Already a Bloomberg.com user?
Sign in with the same account.
Now that Lance Armstrong has been found guilty of doping, stripped of his seven Tour de France titles, dropped from nearly all his endorsement deals, and prompted to resign as chairman of the foundation that bears his name, the question for Livestrong is whether it can succeed without him.
Today, Livestrong is a $46.8 million enterprise with a dizzying list of programs. It helps cancer patients understand the health-care system, lobbies for federal resources for cancer prevention programs, and provides emotional support groups for survivors and their families. Last year it even launched a line of “non-toxic” sunscreen. One thing it doesn’t do: donate to cancer research. Livestrong focuses on “survivorship research,” or everything about what it’s like to live with cancer. Its brand has been closely tied to Armstrong’s, and its revenue has risen and fallen with his career.
Livestrong grew rapidly in the early 2000s, from roughly $9 million in revenue in 2001 to $40 million in 2004, the year that Livestrong teamed with Nike (NKE) to produce that rubbery yellow bracelet. The next year was arguably the organization’s most successful: In 2005, Armstrong won his seventh Tour de France title, more than 50 million Livestrong bracelets were sold, and the nonprofit’s revenue peaked at $52.5 million.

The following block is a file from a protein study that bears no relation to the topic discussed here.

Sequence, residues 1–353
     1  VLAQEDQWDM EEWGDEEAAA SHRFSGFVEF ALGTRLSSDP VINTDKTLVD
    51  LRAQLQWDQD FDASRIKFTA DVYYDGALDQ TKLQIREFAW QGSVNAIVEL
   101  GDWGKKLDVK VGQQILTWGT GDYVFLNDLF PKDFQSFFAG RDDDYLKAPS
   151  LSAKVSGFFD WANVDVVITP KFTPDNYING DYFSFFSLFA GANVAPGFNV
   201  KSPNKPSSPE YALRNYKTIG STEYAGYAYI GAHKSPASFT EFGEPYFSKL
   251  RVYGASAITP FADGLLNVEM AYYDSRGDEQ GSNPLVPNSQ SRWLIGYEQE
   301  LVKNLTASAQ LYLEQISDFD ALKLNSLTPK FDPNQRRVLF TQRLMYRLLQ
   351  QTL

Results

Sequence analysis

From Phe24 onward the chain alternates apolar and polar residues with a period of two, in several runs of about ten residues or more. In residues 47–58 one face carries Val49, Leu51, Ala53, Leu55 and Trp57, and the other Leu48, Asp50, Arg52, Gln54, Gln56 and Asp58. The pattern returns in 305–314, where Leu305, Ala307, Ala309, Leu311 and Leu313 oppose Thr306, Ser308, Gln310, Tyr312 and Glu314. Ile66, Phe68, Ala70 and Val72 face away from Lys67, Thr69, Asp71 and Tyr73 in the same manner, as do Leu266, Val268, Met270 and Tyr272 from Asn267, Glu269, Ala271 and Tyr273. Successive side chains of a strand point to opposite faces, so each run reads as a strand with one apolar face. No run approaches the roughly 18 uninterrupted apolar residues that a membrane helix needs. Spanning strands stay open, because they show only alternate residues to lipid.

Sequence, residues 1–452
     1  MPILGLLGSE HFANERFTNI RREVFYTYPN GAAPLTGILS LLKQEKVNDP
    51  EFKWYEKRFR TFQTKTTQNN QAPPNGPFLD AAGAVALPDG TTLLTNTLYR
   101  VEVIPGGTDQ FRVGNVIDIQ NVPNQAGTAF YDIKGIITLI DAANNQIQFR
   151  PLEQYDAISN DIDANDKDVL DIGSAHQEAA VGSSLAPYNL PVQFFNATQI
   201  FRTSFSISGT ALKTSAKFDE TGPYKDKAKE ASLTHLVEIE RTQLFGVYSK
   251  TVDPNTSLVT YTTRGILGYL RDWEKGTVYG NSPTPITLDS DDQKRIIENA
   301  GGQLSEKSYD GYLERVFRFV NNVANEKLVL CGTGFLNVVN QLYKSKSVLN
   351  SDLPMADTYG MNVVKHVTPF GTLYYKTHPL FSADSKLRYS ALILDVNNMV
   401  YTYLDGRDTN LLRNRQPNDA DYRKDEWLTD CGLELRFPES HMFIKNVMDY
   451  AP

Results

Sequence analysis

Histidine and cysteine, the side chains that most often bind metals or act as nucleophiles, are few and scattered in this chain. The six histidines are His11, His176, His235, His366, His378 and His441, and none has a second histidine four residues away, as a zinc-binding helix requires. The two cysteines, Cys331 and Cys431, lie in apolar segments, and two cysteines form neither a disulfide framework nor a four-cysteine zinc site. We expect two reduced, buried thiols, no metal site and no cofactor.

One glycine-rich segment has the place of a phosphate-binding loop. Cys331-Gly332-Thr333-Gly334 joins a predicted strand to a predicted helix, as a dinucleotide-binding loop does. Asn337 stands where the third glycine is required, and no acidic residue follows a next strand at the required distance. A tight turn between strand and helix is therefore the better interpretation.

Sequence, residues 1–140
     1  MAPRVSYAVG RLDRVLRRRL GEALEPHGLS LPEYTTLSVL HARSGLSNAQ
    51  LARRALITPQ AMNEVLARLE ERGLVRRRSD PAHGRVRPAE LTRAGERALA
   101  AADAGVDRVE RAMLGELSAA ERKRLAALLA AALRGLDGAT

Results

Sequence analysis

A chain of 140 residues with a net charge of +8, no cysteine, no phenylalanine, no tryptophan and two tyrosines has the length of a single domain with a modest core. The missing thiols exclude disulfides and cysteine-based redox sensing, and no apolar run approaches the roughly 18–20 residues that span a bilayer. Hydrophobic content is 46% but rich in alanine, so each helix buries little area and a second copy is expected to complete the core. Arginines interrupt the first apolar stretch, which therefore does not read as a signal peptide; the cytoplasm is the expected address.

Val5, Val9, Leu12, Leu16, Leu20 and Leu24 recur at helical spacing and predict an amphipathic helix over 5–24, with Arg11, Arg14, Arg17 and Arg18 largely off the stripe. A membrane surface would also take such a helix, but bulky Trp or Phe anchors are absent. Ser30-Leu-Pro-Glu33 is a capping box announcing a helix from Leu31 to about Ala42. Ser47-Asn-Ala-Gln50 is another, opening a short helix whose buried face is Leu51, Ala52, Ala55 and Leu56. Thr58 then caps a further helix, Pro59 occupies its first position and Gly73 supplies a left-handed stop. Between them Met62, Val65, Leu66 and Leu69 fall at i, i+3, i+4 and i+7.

Armstrong retired from cycling in 2005. The following year, Livestrong’s revenue dropped by $20 million and remained depressed until Armstrong announced his return to the sport in September 2008. While most charities saw steep declines in donations during the recession, Livestrong’s revenue grew to $41.8 million in 2009 and kept rising. While Armstrong was competing and visible, Livestrong did well.
The foundation’s merchandise hasn’t yet been affected by the scandal—not officially, anyway. Nike has dropped its sponsorship agreement with Armstrong, but the company has reportedly said it will continue to sell Livestrong-branded products in its stores. (Neither Livestrong nor Nike could be reached for comment to verify this,) But if Armstrong’s 2005 retirement is any indicator, the brand will undoubtedly lose value with customers. Perhaps even more so with the taint of scandal.
“It’s similar to Tiger Woods,” says Jonathan Berman, a doctoral student at the Wharton School at the University of Pennsylvania who studies the way people separate a public figure’s personal disgrace from his or her performance. “When he had his scandal, a lot of people withdrew their support. But those that stayed said, ‘I don’t like what he did, but that’s not relevant to [golf].’” That’s what Livestrong has to do, Berman says. It has to concede that Armstrong cheated, but this doesn’t mean you shouldn’t donate to a cancer foundation. That will require a nearly impossible feat of re-branding and marketing to accomplish. “If they weren’t called the Lance Armstrong Foundation, maybe they’d have a better chance of it,” says Berman.